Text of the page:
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Court certifies exotic dancer suit as class action

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Anyone who danced in the past three years at one Indianapolis strip club embroiled in a lawsuit over minimum wage may be able to collect on unpaid wages, ruled a District Court judge Wednesday.

Southern District Judge William Lawrence granted a motion for notice to potential plaintiffs and certified the matter as a collective action in Wendi R. Morse and Felicia Kay Pennington, individually, and on behalf of others similarly situated v. M E R Corp. d/b/a Dancers Showclub, No. 1:08-cv-1389.

Dancers Wendi R. Morse and Felicia Kay Pennington filed the suit in October 2008 alleging the club failed to pay them and others similarly situated in accordance with the Fair Labor Standards Act. They no longer worked at the club when they filed the suit but had worked there within the past three years.

The plaintiffs argued Dancers Showclub incorrectly classified dancers as independent contractors instead of employees and failed to pay them minimum wage. The suit also claims Dancers Showclub required the women to pay a percentage of their tips to the club and other employees who don't customarily receive tips, violating 29 U.S.C. Section 203(m).

Dancers don't receive any wages or other compensation from the club and they aren't allowed to dance at any other exotic clubs while working at Dancers Showclub. The suit also states the club sets the hours, shifts, and minimum tips the dancers are required to get each shift.

The plaintiffs want the club to repay back wages in addition to wages equal to the amount they had to tip-out to the club and other employees, as well as liquidated damages equal in amount to the unpaid compensation and tips found due to the dancers.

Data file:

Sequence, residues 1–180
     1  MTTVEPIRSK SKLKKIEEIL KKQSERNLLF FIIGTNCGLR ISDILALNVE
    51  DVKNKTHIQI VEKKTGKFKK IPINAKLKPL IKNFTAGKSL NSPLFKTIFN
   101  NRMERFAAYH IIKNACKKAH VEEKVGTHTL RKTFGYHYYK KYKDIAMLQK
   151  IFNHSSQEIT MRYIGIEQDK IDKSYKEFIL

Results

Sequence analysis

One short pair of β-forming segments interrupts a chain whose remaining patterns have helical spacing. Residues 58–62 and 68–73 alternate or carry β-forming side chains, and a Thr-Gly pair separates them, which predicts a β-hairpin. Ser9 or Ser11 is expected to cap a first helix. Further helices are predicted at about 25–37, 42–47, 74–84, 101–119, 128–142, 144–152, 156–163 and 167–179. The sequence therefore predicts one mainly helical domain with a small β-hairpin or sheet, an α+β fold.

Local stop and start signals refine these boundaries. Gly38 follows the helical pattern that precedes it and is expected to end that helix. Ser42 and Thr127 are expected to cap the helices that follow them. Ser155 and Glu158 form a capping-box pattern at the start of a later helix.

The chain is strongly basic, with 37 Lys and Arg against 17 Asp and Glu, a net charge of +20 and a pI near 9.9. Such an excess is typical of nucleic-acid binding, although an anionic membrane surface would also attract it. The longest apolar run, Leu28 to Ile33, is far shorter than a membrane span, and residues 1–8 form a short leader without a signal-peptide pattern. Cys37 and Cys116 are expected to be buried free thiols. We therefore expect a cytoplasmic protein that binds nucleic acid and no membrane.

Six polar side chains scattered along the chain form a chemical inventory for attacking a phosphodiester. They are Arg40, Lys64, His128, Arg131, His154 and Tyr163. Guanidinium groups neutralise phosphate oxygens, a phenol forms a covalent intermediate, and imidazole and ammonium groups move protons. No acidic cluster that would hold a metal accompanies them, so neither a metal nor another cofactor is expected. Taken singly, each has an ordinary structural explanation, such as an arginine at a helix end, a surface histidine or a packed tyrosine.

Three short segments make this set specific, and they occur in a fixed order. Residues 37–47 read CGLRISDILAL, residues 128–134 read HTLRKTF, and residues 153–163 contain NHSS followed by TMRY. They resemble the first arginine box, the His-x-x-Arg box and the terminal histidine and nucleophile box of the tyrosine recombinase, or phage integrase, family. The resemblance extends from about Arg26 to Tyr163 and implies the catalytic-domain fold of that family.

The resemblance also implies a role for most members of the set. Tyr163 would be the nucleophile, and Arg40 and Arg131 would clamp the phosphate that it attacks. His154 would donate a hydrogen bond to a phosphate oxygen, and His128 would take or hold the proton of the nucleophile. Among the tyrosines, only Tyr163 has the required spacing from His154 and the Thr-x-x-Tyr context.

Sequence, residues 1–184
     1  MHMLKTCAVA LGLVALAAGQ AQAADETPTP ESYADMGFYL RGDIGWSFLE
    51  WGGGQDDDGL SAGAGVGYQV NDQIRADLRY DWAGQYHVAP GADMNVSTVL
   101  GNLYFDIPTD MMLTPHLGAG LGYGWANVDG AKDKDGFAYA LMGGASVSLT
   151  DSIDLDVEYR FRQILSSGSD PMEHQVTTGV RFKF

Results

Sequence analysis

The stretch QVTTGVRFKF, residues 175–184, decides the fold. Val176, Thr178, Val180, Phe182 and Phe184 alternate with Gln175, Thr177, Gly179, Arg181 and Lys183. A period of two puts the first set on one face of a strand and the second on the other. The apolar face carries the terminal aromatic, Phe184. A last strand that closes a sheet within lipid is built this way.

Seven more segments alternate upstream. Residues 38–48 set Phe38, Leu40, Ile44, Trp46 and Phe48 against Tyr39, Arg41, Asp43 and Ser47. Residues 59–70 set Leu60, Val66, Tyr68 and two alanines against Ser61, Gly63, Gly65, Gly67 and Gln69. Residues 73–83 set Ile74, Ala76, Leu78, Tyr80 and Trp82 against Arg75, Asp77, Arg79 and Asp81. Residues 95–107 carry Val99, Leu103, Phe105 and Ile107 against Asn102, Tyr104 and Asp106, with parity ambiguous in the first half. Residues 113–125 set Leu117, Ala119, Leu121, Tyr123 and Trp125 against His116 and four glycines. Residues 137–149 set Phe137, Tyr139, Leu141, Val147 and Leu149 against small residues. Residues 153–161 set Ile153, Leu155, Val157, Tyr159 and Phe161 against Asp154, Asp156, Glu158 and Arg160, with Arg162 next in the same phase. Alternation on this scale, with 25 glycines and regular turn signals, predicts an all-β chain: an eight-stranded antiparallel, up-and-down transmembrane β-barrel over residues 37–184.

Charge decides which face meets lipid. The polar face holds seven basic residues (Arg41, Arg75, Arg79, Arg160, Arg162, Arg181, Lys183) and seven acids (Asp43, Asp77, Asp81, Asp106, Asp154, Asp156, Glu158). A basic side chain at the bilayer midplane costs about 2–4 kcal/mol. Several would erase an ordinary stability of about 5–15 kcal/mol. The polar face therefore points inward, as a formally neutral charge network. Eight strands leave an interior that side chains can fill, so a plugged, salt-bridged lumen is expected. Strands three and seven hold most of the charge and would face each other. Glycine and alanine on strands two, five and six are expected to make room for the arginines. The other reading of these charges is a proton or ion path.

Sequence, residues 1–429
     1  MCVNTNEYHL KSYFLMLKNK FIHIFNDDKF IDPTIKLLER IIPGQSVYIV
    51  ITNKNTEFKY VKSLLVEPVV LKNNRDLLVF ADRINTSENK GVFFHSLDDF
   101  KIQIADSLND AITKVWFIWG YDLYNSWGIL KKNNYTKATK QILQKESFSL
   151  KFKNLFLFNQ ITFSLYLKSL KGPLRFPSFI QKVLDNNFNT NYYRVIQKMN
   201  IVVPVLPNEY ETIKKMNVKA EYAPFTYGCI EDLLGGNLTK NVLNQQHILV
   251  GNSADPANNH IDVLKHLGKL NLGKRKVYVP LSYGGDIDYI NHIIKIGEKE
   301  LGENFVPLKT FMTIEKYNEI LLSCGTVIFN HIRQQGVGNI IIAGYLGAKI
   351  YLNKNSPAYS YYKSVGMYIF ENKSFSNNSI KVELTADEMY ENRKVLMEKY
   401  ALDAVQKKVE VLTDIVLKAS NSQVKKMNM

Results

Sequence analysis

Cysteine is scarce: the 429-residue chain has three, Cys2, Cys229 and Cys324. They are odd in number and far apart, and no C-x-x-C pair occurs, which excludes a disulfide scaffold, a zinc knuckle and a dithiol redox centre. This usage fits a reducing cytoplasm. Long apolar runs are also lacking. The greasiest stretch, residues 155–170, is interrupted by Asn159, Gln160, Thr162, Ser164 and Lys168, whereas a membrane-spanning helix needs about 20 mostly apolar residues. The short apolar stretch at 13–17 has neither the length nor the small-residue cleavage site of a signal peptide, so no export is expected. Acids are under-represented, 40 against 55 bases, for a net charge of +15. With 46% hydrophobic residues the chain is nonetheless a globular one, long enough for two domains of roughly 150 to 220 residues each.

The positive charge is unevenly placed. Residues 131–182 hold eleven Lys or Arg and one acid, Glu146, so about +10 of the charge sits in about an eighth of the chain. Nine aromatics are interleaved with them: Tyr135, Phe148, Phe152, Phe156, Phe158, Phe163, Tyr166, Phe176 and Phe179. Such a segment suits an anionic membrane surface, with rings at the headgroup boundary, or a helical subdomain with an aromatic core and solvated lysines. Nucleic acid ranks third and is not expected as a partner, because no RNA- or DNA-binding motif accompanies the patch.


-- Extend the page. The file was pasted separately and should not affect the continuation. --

Judge Lawrence certified the suit as a collective action, ordering Dancers Showclub to produce the names and other employee information of all the current and former dancers at the club from the previous three years as of the date of the order. The judge ordered Dancers Showclub to produce the information by Jan. 18 and required the notice to potential plaintiffs and consent to join form be mailed within 7 days from that date. Potential plaintiffs have 60 days from that point to opt-in the litigation.

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  1. wow is this a bunch of bs! i know the facts!

  2. MCBA .... time for a new release about your entire membership (or is it just the alter ego) being "saddened and disappointed" in the failure to lynch a police officer protecting himself in the line of duty. But this time against Eric Holder and the Federal Bureau of Investigation: "WASHINGTON — Justice Department lawyers will recommend that no civil rights charges be brought against the police officer who fatally shot an unarmed teenager in Ferguson, Mo., after an F.B.I. investigation found no evidence to support charges, law enforcement officials said Wednesday." http://www.nytimes.com/2015/01/22/us/justice-department-ferguson-civil-rights-darren-wilson.html?ref=us&_r=0

  3. Dr wail asfour lives 3 hours from the hospital,where if he gets an emergency at least he needs three hours,while even if he is on call he should be in a location where it gives him max 10 minutes to be beside the patient,they get paid double on their on call days ,where look how they handle it,so if the death of the patient occurs on weekend and these doctors still repeat same pattern such issue should be raised,they should be closer to the patient.on other hand if all the death occured on the absence of the Dr and the nurses handle it,the nurses should get trained how to function appearntly they not that good,if the Dr lives 3 hours far from the hospital on his call days he should sleep in the hospital

  4. It's a capital offense...one for you Latin scholars..

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